Multiple fine-grained access control methods for PHR data have been described to provide secure information sharing of health data. Such an approach would allow for patients to have control over which users are able to access specific information contained within the patient's encrypted PHR. In order to enforce such control over their health records, patients would have the authority to generate and provide decryption keys based on the information they wish to provide to the receiving party. This method of access control would enable the secure sharing of PHR data with authorized healthcare providers while protecting the patient's personal data from unauthorized parties. However, many of these fine-grained access control methods result in high overhead costs when applied to scenarios involving multiple users, and thus impacting system usability. A finegrained access control framework for PHR data with reduced overhead has been proposed by Li et al. [220]. This approach involves users generating their own sets of attribute-based encryption (ABE) keys. To account for the linearity of ABE encryption, the system is divided into multiple domains which are associated with various user subsets.

Providing Emergency Data Access

Although access control of medical records can be achieved through the previously discussed methods, in the case of required emergency access to data contained within the PHR and EHR, personal health data may become available without prior authorization. Currently, emergency data access to protected records within a single EMR system often follows a "break the glass" procedure. This procedure involves a healthcare provider self-granting access to a patient's medical record and protected health information (PHI) that can be utilized in the event of an emergency. Each instantiation of the "break the glass" procedure is documented and is later audited and reviewed to ensure that the patient's medical record and PHI were accessed under justifiable circumstances. Because an auditing, review, and accountability process exists under the "break the glass" procedure, it is not clear how this approach can be implemented for the sharing of health records across organizations using separate EMR systems or for granting access to PHRs in the case of emergencies.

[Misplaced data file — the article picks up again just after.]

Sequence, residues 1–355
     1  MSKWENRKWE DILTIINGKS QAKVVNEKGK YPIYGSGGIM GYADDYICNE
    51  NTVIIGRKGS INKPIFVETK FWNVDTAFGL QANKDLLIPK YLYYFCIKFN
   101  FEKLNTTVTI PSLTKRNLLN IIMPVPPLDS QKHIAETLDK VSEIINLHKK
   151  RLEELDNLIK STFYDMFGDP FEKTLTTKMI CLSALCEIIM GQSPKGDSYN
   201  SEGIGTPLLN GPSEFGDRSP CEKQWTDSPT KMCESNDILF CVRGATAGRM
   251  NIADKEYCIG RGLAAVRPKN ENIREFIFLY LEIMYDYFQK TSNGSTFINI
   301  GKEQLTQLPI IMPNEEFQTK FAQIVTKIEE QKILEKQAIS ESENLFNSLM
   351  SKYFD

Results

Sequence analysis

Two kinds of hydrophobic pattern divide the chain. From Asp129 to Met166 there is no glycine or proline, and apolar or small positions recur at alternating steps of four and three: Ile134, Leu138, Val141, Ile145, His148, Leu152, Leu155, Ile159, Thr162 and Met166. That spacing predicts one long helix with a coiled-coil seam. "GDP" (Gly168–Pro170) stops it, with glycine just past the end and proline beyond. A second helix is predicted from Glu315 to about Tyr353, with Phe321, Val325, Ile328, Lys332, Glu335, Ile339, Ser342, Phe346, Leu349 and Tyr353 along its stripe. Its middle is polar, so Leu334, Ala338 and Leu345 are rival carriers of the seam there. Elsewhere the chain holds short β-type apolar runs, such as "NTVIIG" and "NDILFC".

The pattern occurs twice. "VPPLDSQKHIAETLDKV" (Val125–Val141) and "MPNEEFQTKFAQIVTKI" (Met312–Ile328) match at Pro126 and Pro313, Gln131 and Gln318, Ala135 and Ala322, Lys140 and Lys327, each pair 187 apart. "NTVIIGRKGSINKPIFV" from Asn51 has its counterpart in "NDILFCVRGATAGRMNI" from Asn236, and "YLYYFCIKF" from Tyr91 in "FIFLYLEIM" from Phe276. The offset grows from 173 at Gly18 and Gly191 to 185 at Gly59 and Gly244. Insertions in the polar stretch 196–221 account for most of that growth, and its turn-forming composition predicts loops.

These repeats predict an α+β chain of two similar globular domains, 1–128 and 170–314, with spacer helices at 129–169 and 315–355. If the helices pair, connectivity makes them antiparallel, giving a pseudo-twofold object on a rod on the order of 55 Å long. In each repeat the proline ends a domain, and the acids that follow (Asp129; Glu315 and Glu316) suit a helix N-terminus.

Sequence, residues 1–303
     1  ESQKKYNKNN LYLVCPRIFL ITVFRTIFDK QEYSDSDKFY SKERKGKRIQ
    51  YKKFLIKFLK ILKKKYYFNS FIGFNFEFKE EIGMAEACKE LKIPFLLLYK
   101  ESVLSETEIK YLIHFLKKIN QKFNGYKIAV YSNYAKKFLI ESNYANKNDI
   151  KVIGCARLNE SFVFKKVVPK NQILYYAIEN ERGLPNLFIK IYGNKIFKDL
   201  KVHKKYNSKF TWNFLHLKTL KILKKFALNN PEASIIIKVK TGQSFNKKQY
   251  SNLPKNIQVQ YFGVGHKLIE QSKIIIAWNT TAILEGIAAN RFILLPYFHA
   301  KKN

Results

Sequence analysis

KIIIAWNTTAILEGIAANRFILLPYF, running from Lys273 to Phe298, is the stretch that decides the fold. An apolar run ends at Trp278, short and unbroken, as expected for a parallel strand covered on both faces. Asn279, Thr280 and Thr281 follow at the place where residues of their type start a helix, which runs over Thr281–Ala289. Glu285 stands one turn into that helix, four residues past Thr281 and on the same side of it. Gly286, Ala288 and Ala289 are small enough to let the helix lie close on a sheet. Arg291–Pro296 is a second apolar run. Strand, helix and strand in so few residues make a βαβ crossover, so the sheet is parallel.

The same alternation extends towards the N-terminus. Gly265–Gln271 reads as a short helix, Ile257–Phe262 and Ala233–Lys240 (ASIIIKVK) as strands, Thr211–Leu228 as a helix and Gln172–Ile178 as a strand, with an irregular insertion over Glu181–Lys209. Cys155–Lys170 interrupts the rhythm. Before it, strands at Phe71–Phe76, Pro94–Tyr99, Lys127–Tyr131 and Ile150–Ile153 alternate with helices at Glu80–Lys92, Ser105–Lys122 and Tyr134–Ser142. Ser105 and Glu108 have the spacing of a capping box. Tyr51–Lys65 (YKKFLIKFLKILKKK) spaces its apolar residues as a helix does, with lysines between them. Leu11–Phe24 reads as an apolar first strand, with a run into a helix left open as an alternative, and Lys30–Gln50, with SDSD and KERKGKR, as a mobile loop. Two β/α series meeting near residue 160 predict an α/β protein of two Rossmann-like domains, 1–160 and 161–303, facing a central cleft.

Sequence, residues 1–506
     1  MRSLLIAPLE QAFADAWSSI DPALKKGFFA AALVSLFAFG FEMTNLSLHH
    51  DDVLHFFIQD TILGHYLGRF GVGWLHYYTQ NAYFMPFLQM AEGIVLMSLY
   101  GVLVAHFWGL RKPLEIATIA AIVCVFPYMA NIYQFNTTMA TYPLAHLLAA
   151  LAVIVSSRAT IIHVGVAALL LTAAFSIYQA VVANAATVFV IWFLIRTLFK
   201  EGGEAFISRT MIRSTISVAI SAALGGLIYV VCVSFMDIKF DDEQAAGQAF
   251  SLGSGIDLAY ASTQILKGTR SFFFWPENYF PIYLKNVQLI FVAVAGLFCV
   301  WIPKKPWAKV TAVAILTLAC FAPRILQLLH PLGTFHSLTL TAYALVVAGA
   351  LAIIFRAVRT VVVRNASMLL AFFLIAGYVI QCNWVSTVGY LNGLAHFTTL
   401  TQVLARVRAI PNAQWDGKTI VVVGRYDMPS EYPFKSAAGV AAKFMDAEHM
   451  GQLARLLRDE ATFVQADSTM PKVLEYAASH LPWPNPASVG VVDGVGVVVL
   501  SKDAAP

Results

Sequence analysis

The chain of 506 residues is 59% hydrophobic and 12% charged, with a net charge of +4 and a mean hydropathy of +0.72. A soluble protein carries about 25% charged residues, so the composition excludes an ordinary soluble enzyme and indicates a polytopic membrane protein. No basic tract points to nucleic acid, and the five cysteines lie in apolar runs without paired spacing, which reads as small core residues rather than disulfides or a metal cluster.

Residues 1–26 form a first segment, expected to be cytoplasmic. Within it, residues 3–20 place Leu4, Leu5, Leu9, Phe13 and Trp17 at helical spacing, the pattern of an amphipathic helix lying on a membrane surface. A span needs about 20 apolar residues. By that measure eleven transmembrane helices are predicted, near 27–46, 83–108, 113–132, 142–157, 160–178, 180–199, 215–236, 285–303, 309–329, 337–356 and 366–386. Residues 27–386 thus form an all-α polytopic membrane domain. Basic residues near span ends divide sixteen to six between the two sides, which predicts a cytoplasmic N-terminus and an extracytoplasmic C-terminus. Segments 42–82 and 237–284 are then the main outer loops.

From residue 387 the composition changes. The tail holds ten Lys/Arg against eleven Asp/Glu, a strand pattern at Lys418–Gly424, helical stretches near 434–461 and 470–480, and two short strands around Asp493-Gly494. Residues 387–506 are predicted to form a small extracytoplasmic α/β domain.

The current practice of utilizing the "break the glass" procedure in emergency circumstances presents the risk for providing unnecessary access to patient information. One method of differentiating between users who should be granted emergency access to patient data and users who should be denied access integrates both Role Based Access Control (RBAC) and Experience Based Access Management (EBAM) strategies [398]. In order to test the effectiveness of this approach, the resulting algorithm, "Roll-Up", was applied to log data collected from Northwestern Memorial Hospital Center. Results from this case study indicate that a combination of RBAC and EBAM strategies is able to predict the conceptual position of a user requesting access to a patient's EMR data with 82.3% accuracy [398].